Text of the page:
How do those of us who try to embrace a philosophy of doing what we believe to be good/right deal with the anger and despair that we feel over the injustices all around us?
Would you rather give the world a hug, or a slap in the face? Would you rather get up there and battle, or leave it alone for the sake of a peaceful life?I am sure that many of us can relate to this. It isn’t just my worry, it’s a human question.
We all fight with our anger over issues in our own lives as well as in the wider world. Often, it leads us to the depths of despair and we feel any effort on our part is futile. So we give up.
But anger is a powerful emotion, and when it is channeled properly, it can be a force used to positive affect. Rather than ranting at the world – or worse, allowing the anger to destroy us inside by keeping it hidden, we need to find a way to use it and work for change.
"The reasonable man attempts to adapt himself to the world and the unreasonable man attempts to adapt the world to himself. Therefore, all change is created by the unreasonable man" . George Bernard Shaw
The comment is clearly a viable one - but does this persuade anyone to NOT try to change things? Conversely, does it make us want to change even more, just for the hell of it? Maybe some of us don't want anything at all to change, so do not need to consider. "The terror of change has been exceeded by the terror of remaining the same " said someone at a conference on teamwork, that I was at once.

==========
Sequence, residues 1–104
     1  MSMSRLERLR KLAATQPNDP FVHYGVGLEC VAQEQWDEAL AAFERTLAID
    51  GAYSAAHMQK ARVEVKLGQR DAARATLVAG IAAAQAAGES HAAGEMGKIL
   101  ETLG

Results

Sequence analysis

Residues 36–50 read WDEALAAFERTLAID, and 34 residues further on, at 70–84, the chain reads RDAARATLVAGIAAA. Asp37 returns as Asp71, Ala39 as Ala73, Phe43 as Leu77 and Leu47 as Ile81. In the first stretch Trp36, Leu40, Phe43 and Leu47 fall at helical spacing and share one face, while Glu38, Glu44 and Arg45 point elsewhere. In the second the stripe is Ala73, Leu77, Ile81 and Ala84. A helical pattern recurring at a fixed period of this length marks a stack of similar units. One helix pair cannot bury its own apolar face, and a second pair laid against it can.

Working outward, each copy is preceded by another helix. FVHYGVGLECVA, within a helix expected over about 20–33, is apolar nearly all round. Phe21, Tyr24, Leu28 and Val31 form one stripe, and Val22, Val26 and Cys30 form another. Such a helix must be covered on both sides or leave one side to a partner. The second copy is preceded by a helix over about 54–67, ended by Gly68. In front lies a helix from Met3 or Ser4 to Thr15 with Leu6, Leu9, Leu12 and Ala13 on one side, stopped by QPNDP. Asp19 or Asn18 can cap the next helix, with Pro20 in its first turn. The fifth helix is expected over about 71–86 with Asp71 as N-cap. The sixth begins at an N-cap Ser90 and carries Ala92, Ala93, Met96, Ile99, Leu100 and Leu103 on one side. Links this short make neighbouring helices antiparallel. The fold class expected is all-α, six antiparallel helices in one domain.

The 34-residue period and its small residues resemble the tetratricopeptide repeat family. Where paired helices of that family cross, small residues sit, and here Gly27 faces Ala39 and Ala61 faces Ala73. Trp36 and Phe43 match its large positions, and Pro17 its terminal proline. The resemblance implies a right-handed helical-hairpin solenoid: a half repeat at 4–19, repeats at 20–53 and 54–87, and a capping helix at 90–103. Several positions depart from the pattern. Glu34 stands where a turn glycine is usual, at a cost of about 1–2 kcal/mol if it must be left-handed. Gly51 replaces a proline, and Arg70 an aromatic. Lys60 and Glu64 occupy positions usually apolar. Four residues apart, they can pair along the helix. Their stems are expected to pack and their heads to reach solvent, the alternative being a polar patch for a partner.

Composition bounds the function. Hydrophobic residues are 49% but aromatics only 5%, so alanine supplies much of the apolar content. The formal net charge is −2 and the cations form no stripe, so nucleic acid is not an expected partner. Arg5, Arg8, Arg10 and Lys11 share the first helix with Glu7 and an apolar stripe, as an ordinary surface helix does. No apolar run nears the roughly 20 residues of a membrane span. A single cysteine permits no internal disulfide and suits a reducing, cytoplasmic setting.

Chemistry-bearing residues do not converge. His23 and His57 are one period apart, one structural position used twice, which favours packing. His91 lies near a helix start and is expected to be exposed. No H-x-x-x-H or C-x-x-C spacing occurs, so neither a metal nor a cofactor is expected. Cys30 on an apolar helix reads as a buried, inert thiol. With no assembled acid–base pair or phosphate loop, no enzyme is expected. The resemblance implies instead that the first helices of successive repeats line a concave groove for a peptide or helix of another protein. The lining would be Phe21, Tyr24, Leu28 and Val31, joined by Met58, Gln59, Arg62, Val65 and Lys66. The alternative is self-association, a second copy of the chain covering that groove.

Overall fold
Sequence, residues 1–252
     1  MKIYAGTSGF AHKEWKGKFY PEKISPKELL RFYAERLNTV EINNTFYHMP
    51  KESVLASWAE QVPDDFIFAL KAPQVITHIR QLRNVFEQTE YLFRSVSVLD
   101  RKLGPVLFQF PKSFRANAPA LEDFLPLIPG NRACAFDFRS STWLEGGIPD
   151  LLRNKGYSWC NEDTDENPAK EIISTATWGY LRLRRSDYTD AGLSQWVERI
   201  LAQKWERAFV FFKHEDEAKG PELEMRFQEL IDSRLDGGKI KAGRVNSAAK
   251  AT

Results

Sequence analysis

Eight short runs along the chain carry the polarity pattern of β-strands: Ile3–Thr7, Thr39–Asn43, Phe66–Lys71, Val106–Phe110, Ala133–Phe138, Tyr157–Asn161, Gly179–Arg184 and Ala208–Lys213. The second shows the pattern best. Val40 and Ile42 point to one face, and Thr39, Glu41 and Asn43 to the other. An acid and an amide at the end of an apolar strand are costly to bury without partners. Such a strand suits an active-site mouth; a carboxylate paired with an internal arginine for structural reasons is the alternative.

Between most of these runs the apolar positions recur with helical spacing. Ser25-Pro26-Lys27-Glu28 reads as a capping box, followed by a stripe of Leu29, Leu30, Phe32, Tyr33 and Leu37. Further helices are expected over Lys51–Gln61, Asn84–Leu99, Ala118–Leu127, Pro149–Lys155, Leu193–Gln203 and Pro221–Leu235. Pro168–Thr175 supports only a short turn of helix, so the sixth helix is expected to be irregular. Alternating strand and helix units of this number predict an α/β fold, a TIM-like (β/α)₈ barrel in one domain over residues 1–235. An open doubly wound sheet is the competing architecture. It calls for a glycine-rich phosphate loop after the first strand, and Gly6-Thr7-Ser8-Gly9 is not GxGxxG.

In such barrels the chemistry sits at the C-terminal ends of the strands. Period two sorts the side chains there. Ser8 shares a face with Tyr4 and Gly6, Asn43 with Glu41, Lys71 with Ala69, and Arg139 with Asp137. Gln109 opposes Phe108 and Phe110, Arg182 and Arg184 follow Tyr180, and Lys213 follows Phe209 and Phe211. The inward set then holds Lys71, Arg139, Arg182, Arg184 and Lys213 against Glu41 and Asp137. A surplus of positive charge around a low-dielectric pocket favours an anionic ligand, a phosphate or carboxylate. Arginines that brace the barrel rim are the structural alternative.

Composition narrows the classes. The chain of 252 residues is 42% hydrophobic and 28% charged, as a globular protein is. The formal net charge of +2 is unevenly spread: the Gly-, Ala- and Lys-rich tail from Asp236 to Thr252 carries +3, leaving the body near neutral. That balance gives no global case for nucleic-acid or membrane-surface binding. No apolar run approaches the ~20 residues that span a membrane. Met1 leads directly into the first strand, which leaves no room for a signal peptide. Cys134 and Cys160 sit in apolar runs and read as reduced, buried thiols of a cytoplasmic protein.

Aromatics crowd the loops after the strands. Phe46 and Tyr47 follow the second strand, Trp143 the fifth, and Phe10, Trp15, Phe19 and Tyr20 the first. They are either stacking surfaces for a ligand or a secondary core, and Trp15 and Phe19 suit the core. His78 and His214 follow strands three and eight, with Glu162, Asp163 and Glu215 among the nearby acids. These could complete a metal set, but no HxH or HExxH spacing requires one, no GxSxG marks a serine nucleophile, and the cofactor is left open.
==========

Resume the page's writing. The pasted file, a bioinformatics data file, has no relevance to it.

Perhaps it's unreasonable to want to change things for the betterment of society. And selfish to want to leave things as they are, because it's 'comfortable' to do so. And who is to say what the betterment of society is? It's a bit of a subjective subject ! I wonder if "doing good" is also a selfish notion, as it makes us feel better ? I have always struggled with this, and the response from my staunch Methodist father was that "God knows who is acting for themselves and who is loving their neighbour". Sound advice to a believer, but not so easily taken in by someone with no religious faith.
So, I have to conclude that it's a personal thing, which no one can advise on or give suggestions on, but ourselves. In other words it's about conscience. What our conscience makes us do or not do might bring harsh words from others with differing views. If I have someone say that I was being hypocritical, in my views - the one thing I strive against constantly - I used to be devastated, but not any more. Only I know the truth behind my thinking and actions.
And only you know yours.